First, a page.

tremble clef

Tuesday, March 14, 2006

a-ha, "The Weight Of The Wind" (1986)

When all is said and done, I'm an old-fashioned guy. I know you might not have thought so, given that I'm such a technological pioneer, probably the only person you know who has one of these new-fangled blog things, or how I'm so cutting-edge with regards to music, throwing down tracks that are da hot shit, by, like, Melissa Manchester and stuff. But I am.

I am, for example, still inordinately attached to the album. In this day and age, when people tend to think of music as a bunch of digital files existing only in a gadget, and less, if at all, as taking physical form, I still am. I make CDs. I'm not talking about burning compilations. I do those of course, but even when I download (legally, of course) an album, I'm all about burning it onto -- no, not just "onto," but "into" a CD. Not only that: I may even make sleeves. My deep dark secret is that I still want my music to look like what I remember music to look like. I would be lost otherwise.

Indeed, I was old-fashioned even before I was old. Growing up, we had no CDs (and I also had to walk through five feet of snow, uphill, each day to get to the market where I could barter for food, etc.), but I was making tapes. Sometimes these were dubs of friends' cassettes, and others, the tapes were copies of my vinyl albums. I bought a-ha's Scoundrel Days on record in 1986; I was looking forward to it because Hunting High And Low was great, and I really liked "I've Been Losing You" despite everyone saying that it was a disappointing first single. (A song in which the narrator, within the first four or five lines, tells us that he put "the gun down on the bedside table," but not what he had been doing with it -- that's good pop.) And it did turn out to be a marvellous album, with dramatic windswept numbers like "The Weight Of The Wind," and luscious ballads like "October" and "Soft Rains Of April."

I also couldn't resist the album because the cover was so great. My copy had the sleeve with a lot of white space both above and below the bleak yet beautiful landscape picture; the band's photo was small, unsmiling, which of course spoke to the serious angsty teenager that was me. Best of all, the sleeve was embossed: in the upper left hand corner was a few blue smudges of "water" that popped off the sleeve. I must have spent hours fingering them. Mmm, tactile. (Disappointingly, there are either versions of the album sleeve that didn't have this feature, or maybe the CD version screwed up the artwork. All I know is that my CD copy, purchased years later, looks like ass in comparison, so much so I don't even want it on this page.)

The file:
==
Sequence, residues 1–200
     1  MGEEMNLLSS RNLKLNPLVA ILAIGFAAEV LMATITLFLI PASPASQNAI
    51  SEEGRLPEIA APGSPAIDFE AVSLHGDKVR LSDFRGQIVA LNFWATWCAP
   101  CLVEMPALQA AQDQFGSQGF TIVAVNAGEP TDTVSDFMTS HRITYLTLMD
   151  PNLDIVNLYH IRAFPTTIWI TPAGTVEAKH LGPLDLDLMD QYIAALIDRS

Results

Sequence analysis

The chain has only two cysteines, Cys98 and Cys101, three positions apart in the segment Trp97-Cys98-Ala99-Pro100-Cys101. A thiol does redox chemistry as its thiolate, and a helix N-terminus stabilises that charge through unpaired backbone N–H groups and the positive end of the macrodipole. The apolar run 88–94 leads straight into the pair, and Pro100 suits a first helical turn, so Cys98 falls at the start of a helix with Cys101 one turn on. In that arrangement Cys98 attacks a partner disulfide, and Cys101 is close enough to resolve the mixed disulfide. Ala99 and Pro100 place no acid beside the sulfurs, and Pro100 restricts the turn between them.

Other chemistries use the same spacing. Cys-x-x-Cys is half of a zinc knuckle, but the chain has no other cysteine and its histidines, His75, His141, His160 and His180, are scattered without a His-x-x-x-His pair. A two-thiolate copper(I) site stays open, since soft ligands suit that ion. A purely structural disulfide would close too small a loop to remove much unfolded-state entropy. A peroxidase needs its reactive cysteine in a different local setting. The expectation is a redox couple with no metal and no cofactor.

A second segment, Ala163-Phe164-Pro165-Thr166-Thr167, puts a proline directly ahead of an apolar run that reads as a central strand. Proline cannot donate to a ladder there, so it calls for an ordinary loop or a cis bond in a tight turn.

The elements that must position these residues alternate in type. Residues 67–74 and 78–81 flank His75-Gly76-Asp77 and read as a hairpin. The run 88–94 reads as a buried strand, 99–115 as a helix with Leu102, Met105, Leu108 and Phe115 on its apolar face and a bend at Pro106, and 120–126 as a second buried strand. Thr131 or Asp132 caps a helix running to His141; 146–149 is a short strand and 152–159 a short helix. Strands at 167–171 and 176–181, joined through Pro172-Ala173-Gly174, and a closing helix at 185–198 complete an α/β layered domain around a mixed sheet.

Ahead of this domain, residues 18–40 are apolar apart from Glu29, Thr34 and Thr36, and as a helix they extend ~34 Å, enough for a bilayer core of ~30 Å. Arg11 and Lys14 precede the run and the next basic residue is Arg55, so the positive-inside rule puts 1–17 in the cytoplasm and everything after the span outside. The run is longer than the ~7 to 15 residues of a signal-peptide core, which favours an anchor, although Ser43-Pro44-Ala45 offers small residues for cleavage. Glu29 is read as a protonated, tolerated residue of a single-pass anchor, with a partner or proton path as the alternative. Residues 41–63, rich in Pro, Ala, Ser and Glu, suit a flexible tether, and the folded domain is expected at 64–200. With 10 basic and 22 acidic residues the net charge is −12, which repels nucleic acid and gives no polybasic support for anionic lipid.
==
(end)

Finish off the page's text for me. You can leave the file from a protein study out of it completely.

When I made myself a copy of the album on tape, I had to do a cover. Nowadays that endeavor would be easy: find a hi-res jpeg online and print. In the days-with-barter, I instead scanned my Smash Hits and Number 1s to see if there were usable pics of the album art. For Scoundrel Days, I must have only found the photo that the band used for the "I've Been Losing You" single, but I liked that better anyway (why is Mags jumping? Meaningful!). Add some black construction paper for the cool factor; some masking tape and brown wrapping paper to make the whole thing look "interestingly" rough (and for, um, practical reasons: you try writing the album title on black paper). The result was a cassette sleeve that alluded to the album cover without actually being a copy of it. My genius, obviously, aproached Picassoesque levels.

Okay, maybe not. I was in my teens. Gimme a break. But coming across the sleeve recently, I still kind of like it. So now you too can cut along the edges and insert my genius sleeve into, um, your cassette copies of Scoundrel Days.


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